Standing at the bottom of the pool, holding the weight she’s stolen from her older brother’s dumbbells, she knew she could do it this time. She knew there were gills behind her ears, and she was waiting for them to open up.
Looking up, she saw the shadow of a tree dropping dead leaves onto the surface of the pool, sunrays slicing through the water and the murky outline of her mother, no doubt looking worried, at the edge.
She was only eight, but old enough to know there’d been some mistake. She’d watched the other kids throw balls and play dolls and the way her father drove to work each day and came home huffing. She’d heard about a man that was always supposed to be a man but was born a little girl by mistake, and she thought for sure that she was supposed to be a fish.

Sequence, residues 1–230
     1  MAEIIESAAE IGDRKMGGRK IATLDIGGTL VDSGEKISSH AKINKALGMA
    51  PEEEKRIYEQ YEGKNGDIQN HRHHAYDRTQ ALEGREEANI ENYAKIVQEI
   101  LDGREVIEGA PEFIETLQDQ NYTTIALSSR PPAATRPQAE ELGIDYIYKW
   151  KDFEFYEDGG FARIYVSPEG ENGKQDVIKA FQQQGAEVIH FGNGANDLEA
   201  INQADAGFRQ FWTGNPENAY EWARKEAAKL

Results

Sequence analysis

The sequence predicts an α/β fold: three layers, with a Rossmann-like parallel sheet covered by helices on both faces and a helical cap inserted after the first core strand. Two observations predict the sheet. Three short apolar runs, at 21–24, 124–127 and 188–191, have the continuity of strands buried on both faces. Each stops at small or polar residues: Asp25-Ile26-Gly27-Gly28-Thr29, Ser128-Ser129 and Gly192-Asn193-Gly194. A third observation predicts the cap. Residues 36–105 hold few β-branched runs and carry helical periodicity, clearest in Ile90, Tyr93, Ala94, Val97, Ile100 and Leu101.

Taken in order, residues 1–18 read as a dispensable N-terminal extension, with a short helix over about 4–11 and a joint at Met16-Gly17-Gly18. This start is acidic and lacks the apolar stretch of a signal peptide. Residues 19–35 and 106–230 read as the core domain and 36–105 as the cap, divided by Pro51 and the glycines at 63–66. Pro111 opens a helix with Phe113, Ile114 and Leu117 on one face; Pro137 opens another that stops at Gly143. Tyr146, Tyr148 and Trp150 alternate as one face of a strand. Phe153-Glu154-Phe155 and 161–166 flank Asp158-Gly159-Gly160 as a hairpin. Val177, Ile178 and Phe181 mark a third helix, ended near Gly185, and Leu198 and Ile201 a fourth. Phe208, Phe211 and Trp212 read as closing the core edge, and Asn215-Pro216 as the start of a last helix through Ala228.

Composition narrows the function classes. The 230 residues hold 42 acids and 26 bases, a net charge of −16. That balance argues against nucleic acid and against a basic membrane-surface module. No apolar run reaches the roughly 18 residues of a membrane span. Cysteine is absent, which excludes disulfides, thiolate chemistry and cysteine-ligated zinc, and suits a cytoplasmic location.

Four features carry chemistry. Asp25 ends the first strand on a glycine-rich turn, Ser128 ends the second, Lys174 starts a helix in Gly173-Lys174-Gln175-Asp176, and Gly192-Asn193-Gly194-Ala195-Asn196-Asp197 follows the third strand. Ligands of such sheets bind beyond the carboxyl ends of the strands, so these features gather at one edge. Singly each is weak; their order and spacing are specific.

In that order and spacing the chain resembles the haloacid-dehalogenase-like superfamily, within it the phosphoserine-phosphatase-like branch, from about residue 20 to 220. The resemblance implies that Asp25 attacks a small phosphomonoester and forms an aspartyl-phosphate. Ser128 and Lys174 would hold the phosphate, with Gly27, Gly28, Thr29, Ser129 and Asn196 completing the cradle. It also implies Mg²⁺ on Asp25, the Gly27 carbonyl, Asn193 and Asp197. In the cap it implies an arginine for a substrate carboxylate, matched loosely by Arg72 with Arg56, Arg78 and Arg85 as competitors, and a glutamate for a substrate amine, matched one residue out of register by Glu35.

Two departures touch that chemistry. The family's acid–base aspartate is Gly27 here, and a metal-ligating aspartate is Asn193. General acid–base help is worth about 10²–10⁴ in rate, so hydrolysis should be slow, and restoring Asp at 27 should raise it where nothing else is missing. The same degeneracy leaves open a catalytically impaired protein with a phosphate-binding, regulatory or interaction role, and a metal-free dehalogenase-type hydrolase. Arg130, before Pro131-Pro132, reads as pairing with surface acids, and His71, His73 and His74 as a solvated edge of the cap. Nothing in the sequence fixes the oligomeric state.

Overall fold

But her lungs were like lead at the bottom of the pool as she willed the back of her head to open up and take a breath. How wonderful it would be to breathe that chlorine filled water that was stinging her eyes and little drips of it leaking into her nose.
She needed so badly to breathe, but she knew if she just stayed down there long enough, her body would have no choice but to become a shark or an octopus or a minnow at least.